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Another case of wildlife-killing disease detected — much farther north and in a whitetail doe

Another case of wildlife-killing disease detected — much farther north and in a whitetail doe

Whitetail doe

The latest detection in chronic wasting disease in a hunter-harvested animal has been in a whitetail doe shot near Joliet.

A whitetail doe killed east of Joliet this fall has tested positive for chronic wasting disease, extending the known area for CWD contamination in Montana more than 20 miles farther north than two previous positive tests.

The lab results also reveal that the always fatal disease has made the jump to whitetails and female deer. Both of the two previous positive tests had been in buck mule deer.

"That changes the whole scope of everything," said Bob Gibson, Montana Fish, Wildlife and Parks information officer in Billings.

The lab results, based on tissue taken from deer brought through the Laurel check station on Nov. 16 and 17, also revealed another positive test result from a mule deer buck shot southeast of Bridger.

Although Montana does not yet have a plan to address a CWD infection, FWP has been preceding within the guidelines of a draft plan that is under consideration. Moving quickly to ascertain the disease's spread, the agency will ask the Montana Fish and Wildlife Commission at its Thursday, Dec. 7, meeting for approval of a hunt to kill more animals for testing.

The details for that hunt had centered in an area generally within about a 10-mile radius of the two previous positive CWD results. The two mule deer bucks, which were the first confirmed cases of CWD in Montana's wildlife, were killed in Hunting District 510. One was shot 10 miles southeast of Bridger and the other 3 miles south of Belfry.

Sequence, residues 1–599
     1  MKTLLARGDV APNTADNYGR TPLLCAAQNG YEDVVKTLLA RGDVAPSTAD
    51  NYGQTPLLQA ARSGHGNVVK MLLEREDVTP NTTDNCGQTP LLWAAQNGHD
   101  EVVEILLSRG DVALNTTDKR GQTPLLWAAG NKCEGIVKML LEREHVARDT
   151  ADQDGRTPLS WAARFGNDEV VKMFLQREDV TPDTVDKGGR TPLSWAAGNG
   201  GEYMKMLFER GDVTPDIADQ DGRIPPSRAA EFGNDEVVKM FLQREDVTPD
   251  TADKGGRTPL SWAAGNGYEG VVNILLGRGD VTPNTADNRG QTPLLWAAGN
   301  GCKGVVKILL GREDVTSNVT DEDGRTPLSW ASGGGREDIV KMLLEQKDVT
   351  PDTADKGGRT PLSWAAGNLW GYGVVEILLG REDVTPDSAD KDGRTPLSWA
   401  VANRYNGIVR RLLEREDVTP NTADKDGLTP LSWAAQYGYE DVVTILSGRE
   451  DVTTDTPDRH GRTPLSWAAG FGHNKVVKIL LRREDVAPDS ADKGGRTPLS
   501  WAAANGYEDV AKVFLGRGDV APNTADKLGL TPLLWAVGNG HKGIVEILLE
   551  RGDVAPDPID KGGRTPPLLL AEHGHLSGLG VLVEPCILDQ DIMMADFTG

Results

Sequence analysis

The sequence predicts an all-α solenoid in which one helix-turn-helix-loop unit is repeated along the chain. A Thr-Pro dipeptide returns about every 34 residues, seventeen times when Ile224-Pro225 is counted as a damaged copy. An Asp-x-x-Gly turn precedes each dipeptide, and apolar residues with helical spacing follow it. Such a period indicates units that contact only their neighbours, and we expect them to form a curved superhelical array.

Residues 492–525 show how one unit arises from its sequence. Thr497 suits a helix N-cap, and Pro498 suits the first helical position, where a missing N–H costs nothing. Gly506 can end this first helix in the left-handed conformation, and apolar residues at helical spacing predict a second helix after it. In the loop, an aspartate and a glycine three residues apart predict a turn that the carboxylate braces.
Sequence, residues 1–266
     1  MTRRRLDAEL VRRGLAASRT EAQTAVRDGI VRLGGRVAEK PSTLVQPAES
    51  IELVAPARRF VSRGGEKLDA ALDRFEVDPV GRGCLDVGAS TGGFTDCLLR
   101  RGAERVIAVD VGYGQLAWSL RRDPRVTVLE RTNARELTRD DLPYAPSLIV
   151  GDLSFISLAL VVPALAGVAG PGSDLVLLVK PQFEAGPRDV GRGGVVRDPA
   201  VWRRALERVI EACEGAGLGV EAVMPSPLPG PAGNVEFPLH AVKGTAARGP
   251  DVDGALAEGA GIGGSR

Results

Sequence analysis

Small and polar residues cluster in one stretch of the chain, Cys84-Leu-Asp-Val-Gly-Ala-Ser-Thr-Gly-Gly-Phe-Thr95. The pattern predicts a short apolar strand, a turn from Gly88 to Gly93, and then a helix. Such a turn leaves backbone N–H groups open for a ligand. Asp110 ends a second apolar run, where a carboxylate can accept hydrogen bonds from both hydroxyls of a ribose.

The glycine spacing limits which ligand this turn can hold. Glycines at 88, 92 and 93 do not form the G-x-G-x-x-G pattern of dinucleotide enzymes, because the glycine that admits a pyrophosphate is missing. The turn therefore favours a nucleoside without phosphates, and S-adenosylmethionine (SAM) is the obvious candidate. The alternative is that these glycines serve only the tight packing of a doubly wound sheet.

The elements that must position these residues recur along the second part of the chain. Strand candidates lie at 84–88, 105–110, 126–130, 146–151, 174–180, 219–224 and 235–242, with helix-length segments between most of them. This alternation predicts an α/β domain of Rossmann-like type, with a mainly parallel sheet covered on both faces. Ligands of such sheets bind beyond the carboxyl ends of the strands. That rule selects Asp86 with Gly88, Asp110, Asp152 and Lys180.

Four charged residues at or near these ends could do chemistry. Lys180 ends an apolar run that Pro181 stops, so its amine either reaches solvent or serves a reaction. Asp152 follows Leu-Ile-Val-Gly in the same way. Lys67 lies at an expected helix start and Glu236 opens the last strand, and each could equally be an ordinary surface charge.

Those infections were much closer to the Wyoming state line. Wyoming is where the disease is presumed to have migrated to Montana from via infected cervids — deer, elk and moose.

Now the Billings FWP team tasked with coordinating the special hunt intends to propose that the area be expand northward, possibly as far as the Yellowstone River. The new information also means that special white-tailed deer “B” licenses would be issued.

FWP scientists were working Friday evening to determine exactly what areas would be included and how many additional licenses the department should issue to gather a statistically valid sample of mule deer and white-tailed deer in the expanded region.

Under the initial proposal, FWP was seeking a total of 1,000 special B licenses for two hunts. The hunts were to be divided with 500 tags offered for the first season, from Dec. 15 to Jan. 14, and 500 for the second season from Jan. 15 through Feb. 15. Of the 500 tags sold for each hunt, 100 would allow hunters to shoot a buck. The licenses were to go on sale Dec. 11 at a cost of $10 each.



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